CDC: Illnesses from tick, mosquito, and flea bites more than tripled between 2004 and 2016
Nine new vector-borne pathogens have been identified since 2004
With summer around the corner, Centers for Disease Control and Prevention experts are warning — beware the bugs!
A new report from the agency reveals that diseases transmitted through the bites of blood-feeding ticks, mosquitoes, and fleas are a “growing public health problem” in the United States.
Reported cases of what are called vector-borne diseases have more than tripled nationwide, growing from 27,388 cases reported in 2004 to a whopping 96,075 cases reported in 2016, according to the new Vital Signs report published by the CDC on Tuesday.
Vector-borne diseases are illnesses that are transmitted by vectors, or blood-feeding ticks and insects capable of transmitting pathogens – bacteria, viruses, or parasites – from one host to another. Pathogens, transmitted through a vector’s bite, cause illness. These include Lyme disease, West Nile virus and Zika virus, to name a few.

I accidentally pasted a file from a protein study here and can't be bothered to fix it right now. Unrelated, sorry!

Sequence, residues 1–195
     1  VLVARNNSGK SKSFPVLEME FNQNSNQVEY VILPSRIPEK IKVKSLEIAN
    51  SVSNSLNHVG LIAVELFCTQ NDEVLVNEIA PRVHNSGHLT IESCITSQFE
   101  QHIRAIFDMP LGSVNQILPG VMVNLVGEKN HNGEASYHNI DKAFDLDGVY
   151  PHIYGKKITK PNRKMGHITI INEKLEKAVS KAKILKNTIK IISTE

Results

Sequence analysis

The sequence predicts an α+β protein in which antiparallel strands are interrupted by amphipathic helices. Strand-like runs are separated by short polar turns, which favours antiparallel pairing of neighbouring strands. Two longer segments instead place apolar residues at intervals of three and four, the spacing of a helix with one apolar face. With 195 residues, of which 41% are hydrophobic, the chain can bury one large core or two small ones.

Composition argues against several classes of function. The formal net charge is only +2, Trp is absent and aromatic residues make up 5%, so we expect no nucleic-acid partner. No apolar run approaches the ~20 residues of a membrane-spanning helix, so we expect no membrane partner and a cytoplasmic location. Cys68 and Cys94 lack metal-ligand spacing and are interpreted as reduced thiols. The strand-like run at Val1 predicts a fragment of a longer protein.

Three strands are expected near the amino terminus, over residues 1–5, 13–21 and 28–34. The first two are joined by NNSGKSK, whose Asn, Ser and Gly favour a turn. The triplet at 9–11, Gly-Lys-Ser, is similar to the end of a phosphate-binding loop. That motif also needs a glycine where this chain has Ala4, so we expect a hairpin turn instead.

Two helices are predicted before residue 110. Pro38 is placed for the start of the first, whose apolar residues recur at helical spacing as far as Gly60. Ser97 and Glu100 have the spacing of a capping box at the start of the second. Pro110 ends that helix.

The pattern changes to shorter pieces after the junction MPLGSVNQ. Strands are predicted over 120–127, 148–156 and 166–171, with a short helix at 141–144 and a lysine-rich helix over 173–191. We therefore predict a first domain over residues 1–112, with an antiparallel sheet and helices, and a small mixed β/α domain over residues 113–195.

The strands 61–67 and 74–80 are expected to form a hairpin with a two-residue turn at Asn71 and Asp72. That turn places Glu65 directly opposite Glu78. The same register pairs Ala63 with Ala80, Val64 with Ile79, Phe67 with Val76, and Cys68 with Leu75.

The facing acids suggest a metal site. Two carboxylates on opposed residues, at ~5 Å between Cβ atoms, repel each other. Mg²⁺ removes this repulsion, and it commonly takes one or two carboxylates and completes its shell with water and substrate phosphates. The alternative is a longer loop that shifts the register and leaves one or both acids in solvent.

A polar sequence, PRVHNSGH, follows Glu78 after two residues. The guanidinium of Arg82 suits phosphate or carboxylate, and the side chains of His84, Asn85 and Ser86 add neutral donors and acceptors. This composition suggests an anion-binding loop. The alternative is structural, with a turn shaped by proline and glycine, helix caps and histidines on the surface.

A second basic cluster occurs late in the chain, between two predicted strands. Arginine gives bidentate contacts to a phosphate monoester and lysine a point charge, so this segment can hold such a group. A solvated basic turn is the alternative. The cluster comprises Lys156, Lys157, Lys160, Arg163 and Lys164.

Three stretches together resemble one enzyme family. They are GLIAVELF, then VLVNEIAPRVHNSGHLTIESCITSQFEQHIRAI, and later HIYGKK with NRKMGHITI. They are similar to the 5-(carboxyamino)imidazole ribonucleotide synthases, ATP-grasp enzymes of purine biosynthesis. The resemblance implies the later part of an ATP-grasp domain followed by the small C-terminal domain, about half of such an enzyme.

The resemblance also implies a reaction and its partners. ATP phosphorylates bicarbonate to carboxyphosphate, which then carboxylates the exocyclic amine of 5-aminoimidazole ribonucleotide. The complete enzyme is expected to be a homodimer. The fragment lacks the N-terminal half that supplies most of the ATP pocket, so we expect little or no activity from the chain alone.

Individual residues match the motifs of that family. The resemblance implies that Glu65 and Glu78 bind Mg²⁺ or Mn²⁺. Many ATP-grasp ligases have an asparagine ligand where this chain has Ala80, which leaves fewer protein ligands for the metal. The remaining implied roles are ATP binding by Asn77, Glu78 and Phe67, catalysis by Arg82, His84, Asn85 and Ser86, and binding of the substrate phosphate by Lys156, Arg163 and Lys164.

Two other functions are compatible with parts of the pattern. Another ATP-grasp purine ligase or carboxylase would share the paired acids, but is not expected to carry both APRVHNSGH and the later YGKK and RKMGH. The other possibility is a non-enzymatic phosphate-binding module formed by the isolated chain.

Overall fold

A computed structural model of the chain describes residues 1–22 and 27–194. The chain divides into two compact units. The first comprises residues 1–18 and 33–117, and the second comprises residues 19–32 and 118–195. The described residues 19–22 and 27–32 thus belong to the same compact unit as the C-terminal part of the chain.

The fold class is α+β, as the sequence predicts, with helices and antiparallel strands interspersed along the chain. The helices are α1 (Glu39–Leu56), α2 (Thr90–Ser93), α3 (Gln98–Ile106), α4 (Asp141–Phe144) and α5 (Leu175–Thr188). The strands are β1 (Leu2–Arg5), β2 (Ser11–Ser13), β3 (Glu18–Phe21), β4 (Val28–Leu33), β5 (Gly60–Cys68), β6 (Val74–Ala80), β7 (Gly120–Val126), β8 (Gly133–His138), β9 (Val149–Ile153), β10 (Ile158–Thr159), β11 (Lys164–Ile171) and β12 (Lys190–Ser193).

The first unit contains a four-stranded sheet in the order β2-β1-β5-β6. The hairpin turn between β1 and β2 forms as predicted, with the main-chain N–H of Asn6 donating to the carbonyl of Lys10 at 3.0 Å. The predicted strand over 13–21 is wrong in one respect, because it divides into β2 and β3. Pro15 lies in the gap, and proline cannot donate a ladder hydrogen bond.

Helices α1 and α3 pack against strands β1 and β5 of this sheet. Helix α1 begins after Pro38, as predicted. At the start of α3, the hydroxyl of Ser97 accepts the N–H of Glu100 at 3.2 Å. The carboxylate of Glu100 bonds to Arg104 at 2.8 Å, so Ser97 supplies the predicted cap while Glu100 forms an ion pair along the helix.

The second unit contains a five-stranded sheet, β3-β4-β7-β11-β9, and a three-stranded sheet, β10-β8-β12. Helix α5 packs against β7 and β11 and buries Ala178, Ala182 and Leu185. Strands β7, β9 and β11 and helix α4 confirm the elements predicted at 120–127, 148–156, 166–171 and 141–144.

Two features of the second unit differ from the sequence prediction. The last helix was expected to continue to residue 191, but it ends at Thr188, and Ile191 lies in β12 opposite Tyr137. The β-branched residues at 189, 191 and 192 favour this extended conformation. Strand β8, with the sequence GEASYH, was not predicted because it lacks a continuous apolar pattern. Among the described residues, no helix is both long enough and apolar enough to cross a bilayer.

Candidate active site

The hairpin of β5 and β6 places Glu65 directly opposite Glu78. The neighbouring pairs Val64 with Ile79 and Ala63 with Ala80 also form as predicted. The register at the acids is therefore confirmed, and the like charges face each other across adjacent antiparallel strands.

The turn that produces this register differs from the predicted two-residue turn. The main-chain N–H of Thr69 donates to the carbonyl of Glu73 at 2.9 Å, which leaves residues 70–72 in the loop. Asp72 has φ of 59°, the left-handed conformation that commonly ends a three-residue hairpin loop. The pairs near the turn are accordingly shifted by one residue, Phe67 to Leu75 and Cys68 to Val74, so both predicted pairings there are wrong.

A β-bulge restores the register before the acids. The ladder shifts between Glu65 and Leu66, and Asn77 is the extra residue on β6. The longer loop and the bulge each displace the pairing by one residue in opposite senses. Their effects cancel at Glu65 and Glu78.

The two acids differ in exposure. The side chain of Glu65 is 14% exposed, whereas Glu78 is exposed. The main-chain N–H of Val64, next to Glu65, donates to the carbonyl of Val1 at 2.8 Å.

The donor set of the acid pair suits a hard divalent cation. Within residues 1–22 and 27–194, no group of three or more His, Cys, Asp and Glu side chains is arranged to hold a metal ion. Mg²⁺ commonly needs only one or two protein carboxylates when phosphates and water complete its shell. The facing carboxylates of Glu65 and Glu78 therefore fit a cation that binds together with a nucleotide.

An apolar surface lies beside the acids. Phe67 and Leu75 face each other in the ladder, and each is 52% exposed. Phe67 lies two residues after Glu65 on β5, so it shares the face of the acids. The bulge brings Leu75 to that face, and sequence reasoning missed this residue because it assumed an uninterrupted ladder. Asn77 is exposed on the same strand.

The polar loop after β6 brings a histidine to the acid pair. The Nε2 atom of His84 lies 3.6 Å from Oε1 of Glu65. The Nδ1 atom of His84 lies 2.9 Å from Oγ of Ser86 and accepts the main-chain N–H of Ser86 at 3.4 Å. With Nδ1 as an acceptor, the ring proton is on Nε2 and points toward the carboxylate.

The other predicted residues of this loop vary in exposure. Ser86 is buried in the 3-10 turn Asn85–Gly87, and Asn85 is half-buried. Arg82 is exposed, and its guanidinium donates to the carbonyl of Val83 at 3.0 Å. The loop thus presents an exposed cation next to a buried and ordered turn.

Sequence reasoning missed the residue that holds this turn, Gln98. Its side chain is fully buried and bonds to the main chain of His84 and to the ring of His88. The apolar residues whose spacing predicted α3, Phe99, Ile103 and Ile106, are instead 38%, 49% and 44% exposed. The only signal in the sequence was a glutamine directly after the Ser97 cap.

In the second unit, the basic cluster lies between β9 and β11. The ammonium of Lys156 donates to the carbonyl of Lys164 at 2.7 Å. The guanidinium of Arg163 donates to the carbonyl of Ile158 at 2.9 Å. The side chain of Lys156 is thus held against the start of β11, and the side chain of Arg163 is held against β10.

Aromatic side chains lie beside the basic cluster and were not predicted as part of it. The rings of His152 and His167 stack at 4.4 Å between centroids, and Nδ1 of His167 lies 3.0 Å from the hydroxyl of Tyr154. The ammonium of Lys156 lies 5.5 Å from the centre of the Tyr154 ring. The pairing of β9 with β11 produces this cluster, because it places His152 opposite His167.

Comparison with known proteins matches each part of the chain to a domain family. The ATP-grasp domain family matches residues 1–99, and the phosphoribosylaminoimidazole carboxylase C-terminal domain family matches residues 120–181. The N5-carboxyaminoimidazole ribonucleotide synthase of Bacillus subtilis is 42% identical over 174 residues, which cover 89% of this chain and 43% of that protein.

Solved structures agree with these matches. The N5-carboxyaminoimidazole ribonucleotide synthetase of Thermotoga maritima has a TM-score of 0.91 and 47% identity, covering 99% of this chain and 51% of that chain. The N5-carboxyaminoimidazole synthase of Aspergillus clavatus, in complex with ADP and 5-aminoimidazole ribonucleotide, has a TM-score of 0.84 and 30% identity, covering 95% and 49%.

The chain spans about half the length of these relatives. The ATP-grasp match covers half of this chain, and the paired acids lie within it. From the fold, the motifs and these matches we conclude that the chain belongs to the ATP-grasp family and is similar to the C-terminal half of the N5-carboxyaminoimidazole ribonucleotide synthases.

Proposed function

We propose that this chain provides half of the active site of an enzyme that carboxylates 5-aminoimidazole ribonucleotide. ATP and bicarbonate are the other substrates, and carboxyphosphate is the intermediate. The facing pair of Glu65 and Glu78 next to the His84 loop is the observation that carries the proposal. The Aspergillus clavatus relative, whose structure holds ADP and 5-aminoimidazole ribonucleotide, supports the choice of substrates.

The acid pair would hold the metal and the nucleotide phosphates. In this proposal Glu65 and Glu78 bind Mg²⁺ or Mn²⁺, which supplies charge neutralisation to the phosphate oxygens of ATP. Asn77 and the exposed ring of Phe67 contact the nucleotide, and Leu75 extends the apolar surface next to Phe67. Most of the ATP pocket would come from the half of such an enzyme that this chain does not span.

“It’s very important that the public is very aware that these are more than summertime nuisances – you can get very severe diseases from ticks and mosquitoes,” said Dr. Lyle Petersen, an author of the report and director of the CDC’s Division of Vector-Borne Diseases, who actually had West Nile virus himself from a mosquito bite in 2003.
“I was sick at home in bed for more than a week with severe headaches and fever and skin rash and just feeling horrible,” he said about his illness. “Then after that, it took me about three months to get back to normal. It was definitely something that ruined my summer.”
Vector-borne diseases account for more than 17% of all infectious diseases, causing more than 700,000 deaths annually across the globe, according to the World Health Organization.